With Wall Street expecting US companies to post earnings growth of 11.5% in 2003, optimism seems to be the order of the day – despite looming war with Iraq and continued bad news on the macro economy. And it remains to be seen whether President Bush’s $674bn (E639bn) “fiscal stimulus package” – that’s tax cuts – can jumpstart the situation.
And there’s no denying that something needs to be done. CIBC World Markets maintain that the underlying fragility of the US economy combined with the possible conflict with Iraq will make for a very uncertain equity market in 2003. CIBC’s chief economist Jeff Rubin says: “The US economy is still struggling despite having the benefit of 41-year low interest rates and one of the largest tax cuts in US history.”
The tax-cut plan, unveiled last month, featured the elimination of personal taxes on dividends of US investors and the moving forward of previously announced tax cuts.
Rubin says spending is “flat as a pancake” in the wider US economy, which has been ignored by the stock market’s desire to back Bush’s tax-cut plan. “While the stock market can rightfully cheer about the elimination of federal taxation on dividends, the real contribution of the Bush package to sustaining any rally will be through its impact on the economy. And on that score, it pales in comparison to the 2001 initiative.”
Rubin says the package is likely to provide no more than half the near-term economic impact support that the fiscal policy offered in 2002.
Merrill Lynch takes a different tack. In a research note, Merrill Lynch Investment Managers’ chief investment officer Bob Doll says: “After these three years of decline, in our opinion, US stocks should benefit from both stimulative fiscal and monetary policy as well as more reasonable valuations, particularly compared with US Treasury issues and cash.”
US Bancorp Piper Jaffray estimates that the tax cuts would add about $50bn to the 2003 US deficit. “Together with an invasion of Iraq that could also cost $50bn, the 2003 deficit would climb to about $275bn,” says its senior research analyst Brian Belski.
Other than the tax cuts, Iraq will play on the market’s mind. “War might introduce risks in the form of higher energy prices, but the issue is how high and for how long,” says CIBC World Markets’ chief investment strategist Subodh Kumar. “Prolonged oil prices in the $40 per barrel range would soak up cash from consumers and industry and increase inflation fears.”
Piper Jaffray’s Belski sums it up. “Continued uncertainty surrounding the Iraqi situation and tremendous uncertainty with respect to a revival in business spending may serve to keep a lid on growth as 2003 unfolds.”
Corporate earnings will as ever be under the spotlight. Analysts are optimistic about the prospects for company profits in 2003. Kumar says: “We expect earnings recovery to drive equity outperformance into 2003, with markets becoming more forward looking.” He sees recovery coming from the return of “efficiency-driven” corporate reinvestment in the form of capital spending.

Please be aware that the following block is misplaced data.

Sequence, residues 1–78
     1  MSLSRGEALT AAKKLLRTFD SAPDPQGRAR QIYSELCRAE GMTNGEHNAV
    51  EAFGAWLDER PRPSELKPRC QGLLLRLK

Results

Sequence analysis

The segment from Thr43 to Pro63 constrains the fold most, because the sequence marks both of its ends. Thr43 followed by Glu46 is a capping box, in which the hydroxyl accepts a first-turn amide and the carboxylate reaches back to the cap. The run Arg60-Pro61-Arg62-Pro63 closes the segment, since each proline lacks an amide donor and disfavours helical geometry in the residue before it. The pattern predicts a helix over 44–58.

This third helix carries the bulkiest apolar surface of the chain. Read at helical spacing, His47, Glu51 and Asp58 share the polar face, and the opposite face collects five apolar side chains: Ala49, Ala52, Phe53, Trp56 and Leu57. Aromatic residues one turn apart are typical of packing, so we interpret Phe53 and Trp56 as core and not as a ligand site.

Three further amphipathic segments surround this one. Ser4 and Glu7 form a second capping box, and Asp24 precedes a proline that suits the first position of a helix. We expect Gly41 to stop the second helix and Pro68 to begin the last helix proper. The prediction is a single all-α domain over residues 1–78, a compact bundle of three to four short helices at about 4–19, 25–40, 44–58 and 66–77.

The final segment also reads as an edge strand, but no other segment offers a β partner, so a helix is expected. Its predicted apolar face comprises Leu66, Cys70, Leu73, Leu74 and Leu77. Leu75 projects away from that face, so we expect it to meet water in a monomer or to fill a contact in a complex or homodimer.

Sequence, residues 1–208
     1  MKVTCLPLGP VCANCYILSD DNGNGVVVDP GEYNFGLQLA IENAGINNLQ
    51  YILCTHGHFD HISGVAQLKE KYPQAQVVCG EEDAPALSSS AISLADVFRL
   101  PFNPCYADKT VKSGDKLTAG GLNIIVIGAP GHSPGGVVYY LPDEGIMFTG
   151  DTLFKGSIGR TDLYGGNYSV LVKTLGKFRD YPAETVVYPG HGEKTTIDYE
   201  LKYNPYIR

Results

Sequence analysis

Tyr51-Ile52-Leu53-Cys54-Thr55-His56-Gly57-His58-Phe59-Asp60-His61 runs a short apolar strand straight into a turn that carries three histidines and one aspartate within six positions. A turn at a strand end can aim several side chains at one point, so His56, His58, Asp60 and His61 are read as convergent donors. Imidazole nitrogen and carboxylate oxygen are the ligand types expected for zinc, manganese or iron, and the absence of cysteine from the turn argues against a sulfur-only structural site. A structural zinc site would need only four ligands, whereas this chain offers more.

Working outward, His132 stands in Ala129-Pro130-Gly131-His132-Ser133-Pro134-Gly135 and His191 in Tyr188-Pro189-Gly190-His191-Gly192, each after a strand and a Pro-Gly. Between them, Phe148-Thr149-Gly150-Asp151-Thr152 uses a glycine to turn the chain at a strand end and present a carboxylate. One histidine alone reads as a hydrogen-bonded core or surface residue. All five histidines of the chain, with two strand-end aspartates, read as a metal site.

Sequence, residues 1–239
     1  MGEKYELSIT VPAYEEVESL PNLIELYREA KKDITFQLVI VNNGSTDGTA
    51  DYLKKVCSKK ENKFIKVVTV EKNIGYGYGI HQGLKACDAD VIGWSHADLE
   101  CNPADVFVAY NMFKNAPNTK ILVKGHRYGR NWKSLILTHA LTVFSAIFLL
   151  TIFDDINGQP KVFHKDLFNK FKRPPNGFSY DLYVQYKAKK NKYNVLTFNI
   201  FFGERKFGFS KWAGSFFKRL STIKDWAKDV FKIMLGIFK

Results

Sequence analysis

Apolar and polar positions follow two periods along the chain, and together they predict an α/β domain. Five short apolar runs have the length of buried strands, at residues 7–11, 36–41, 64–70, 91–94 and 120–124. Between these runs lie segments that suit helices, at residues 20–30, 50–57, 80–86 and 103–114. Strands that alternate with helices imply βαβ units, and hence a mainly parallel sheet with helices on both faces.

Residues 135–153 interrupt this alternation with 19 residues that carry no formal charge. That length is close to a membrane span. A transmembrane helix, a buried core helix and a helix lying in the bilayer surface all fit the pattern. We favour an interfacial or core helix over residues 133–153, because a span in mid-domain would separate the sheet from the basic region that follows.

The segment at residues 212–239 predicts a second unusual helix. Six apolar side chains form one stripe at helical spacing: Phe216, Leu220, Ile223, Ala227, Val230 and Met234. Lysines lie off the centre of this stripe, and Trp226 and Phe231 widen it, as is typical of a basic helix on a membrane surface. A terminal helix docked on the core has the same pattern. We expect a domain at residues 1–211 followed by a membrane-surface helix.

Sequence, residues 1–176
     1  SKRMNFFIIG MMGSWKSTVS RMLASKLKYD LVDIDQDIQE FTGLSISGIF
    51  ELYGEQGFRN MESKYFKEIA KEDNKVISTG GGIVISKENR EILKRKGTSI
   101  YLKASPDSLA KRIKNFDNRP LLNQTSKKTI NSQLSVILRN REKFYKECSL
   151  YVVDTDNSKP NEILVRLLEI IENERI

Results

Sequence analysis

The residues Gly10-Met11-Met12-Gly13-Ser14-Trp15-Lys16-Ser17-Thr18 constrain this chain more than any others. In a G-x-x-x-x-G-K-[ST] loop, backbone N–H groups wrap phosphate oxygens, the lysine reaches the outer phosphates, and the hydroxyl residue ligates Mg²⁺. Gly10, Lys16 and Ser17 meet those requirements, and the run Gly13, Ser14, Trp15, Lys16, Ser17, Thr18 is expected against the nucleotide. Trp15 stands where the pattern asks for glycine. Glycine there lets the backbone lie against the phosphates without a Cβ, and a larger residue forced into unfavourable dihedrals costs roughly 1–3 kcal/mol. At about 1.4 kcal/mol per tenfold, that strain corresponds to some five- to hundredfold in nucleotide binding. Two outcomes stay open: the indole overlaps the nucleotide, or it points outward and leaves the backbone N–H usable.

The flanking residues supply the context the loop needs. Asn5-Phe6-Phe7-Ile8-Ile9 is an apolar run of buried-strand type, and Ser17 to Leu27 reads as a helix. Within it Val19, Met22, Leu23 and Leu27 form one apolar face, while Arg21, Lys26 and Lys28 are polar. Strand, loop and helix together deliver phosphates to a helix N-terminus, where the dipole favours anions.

Doll sees an “upside surprise” in corporate earnings, driven by cost cutting, productivity gains and modest revenue improvement. “We believe that October of last year did in fact mark the low for equity markets as well as lows in interest rates.” An accommodating monetary policy, low inflation, improving profitability, improved valuation levels and stimulative fiscal policy make the case for higher equity prices. “Intelligent trading and technical asset allocation will be rewarded.”
Piper Jaffrey’s Belski shares the glass half full attitude about stocks. “We believe that corporates can improve throughout the year, especially with a stabilisation of the equity markets and a successful resolution to the Iraqi situation.”
He says earnings growth for S&P 500 companies rose to 4.8% in 2002, up from 2001’s -18.1%. The consensus expectation on Wall Street is for US companies to post earnings growth of 11.5%.
Kumar adds: “Stronger equity markets could unfold as investors become more forward looking on earnings recovery, stemming from the yeoman work of the US consumer, company cost cutting since 2001, the tightening of regulations and the visible punishment of transgression since March 2002, and the potential for synchronous global recovery in 2003.”
In sum: “In our view, the earnings cycle is likely to improve into 2003 and beyond” with increased defence spending a possible spur to spending overall.
The final piece of the jigsaw for markets is the state of the US currency.
At CIBC, Kumar says the dollar falling into the 1.15-1.20 range against the euro could mean that capital outflows from the US. “A further US dollar slide would need policy mistakes. We would expect a combination of more favourable US economic data and market expectations for a speedy conclusion to a war in Iraq to provide some support for the dollar,” says Jasper.
Data released has provided some encouragement, suggesting business spending may be recovering.
The last word goes to Piper Jaffray’s Belski, who says: “We believe investors should be positioned for a net flat, yet volatile environment over the next several months, whose mood, direction, and ultimate performance will be dictated and defined by the indecisive back-and-forth blather.”